William H. Hay II Professor of Philosophy at the University of Wisconsin-Madison (where he has been teaching since 1988), and editor of the Journal of the History of Philosophy. His books include Spinoza: A Life (Cambridge, 1999, winner of the Koret Jewish Book Award), Spinoza’s Heresy (Oxford, 2002), Rembrandt’s Jews (Chicago, 2003, finalist for the Pulitzer Prize), The Best of All Possible Worlds: A Story of Philosophers, God and Evil (Princeton, 2008), and, most recently, A Book Forged in Hell: Spinoza’s Scandalous Treatise (Princeton). Originally from Roslyn, New York, he lives in Madison, Wisconsin, with his family.
Jerome Copulsky (Director of Judaic Studies, Goucher College)
Assistant Professor of Philosophy and Religion and Director of Judaic Studies at Goucher College. His essays, stories, and reviews have appeared in such places as The New York Times, Salon, The New Republic,Tablet, The Jerusalem Post, and The Journal of the American Academy of Religion, and The Jewish Review of Books.
Karen Korol (Head of Undergraduate Faculty for Religious Studies, Catholic University)
Leon Wieseltier (Literary Editor of The New Republic; author of Kaddish)
Literary editor of The New Republic since 1983. He was born in Brooklyn, New York, in 1952. After three years as a graduate student in Jewish history at Harvard University, he was a member of the Society of Fellows at Harvard from 1979 to 1982. He also attended Columbia University and Oxford University. He is the author of Nuclear War Nuclear Peace, Against Identity, and Kaddish.
Jane Eisner (Editor, The Forward)
A pioneer in journalism, became editor of The Jewish Daily Forward in June 2008, the first woman to hold the position at the influential Jewish national weekly newspaper. Under her leadership, the Forward has won numerous regional and national awards for its original journalism, in print and online. In addition to her Inquirer column “American Rhythms,” which was syndicated to 100 newspapers, Eisner has also written for the Washington Post, Newsday, Brookings Review, Columbia Journalism Review, Ma’ayan and the Reconstructionist, and served as a regular panelist on the WPVI television talk show “Inside Story.” Eisner received a master’s degree from Columbia University’s School of Journalism and graduated from Wesleyan University cum laude in 1977, where she was the first female editor of the college newspaper and was a member of the board of trustees. She recently was the first woman to win Wesleyan’s McConaughy Award for contributions to journalism and public life.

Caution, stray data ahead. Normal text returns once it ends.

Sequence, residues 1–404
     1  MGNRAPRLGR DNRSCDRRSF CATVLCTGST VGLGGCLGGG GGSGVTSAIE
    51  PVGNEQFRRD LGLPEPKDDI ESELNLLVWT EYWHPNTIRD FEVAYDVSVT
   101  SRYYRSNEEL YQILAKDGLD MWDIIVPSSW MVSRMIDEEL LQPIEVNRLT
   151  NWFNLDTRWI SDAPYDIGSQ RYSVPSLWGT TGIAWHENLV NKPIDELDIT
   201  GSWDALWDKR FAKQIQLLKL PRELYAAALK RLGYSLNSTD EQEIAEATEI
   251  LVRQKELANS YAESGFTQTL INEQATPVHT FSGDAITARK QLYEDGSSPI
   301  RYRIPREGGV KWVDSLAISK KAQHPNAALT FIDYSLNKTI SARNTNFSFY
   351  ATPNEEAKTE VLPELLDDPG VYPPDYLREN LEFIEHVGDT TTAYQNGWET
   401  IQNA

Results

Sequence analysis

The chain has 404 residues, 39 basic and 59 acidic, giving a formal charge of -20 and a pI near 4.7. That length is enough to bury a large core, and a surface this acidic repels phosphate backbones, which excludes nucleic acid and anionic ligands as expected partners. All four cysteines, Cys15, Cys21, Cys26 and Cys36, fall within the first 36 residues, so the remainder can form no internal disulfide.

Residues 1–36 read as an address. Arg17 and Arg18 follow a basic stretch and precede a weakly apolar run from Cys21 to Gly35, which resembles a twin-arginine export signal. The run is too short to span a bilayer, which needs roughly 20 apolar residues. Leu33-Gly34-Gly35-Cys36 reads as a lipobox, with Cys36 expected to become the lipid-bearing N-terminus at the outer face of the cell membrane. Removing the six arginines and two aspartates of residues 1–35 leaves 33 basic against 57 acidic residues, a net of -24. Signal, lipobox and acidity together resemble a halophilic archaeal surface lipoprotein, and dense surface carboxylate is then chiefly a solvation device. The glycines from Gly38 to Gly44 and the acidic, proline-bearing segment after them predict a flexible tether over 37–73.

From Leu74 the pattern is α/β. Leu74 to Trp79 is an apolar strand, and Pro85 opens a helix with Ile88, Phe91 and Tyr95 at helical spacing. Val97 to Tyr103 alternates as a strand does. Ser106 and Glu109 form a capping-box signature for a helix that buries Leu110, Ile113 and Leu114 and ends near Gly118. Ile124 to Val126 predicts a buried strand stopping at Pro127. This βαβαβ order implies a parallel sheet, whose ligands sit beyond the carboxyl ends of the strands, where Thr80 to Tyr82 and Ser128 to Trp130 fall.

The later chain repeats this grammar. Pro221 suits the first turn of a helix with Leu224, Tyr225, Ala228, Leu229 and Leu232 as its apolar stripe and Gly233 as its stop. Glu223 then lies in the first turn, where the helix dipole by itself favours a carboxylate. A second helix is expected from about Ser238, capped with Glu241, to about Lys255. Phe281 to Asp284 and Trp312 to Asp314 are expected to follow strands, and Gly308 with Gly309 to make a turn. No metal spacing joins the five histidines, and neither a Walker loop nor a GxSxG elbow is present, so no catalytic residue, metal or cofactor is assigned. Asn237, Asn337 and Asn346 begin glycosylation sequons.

Marc Saperstein (Author of Exile in Amsterdam: Sol Levy Mortera’s Sermons To A Congregation of New Jews)
Yaacob Dweck (Princeton University, author of The Scandal of Kabbalah)
Assistant professor of history and Judaic studies at Princeton University. He received his BA from Columbia University, MPhil from the University of Cambridge, and PhD from the University of Pennsylvania. His first book, The Scandal of Kabbalah: Leon Modena, Jewish Mysticism, Early Modern Venice was published in 2011 by Princeton University Press. He is currently working on the life and thought of Jacob Sasportas. He has also translated Hebrew fiction by S. Yizhar and Haim Sabato.
Daniel Schwartz (Author of The First Modern Jew: Spinoza and the History of an Image, George Washington University)
Rebecca Goldstein (Betraying Spinoza and Thirty-Six Arguments for the Existence of God: A Work of Fiction)
Novelist and a philosopher. She graduated from Barnard College and received her Ph.D. in philosophy from Princeton University. She is the author of nine books, seven of them fiction, including The Mind-Body Problem; Properties of Light: A Novel of Love, Betrayal, and Quantum Physics; Mazel; and 36 Arguments for the Existence of God: A Work of Fiction. Her two non-fiction books areIncompleteness: The Proof and Paradox of Kurt Gödel, which was chosen by Discover Magazine as one of the best science books of 2005, and Betraying Spinoza: The Renegade Jew Who Gave Us Modernity, which won the Koret Award in Jewish Thought.Her book, The Ancient Quarrel: Literature and Philosophy, based on The Tanner Lectures on Human Values, delivered at Yale University in 2011, will be published this year. She is the recipient of many prizes for scholarship and fiction, including a 1996 MacArthur “Genius” Award. She was named “Humanist of the Year 2011” by the American Humanist Association and “Free-thought Heroine” by the Freedom from Religion Foundation. She is a member of the American Academy of Arts and Sciences and is Professor of Philosophy at New College of the Humanities, London, UK.
The Case Against Spinoza: Attorney Nathan Lewin
The Case Defending Spinoza: Alyza Lewin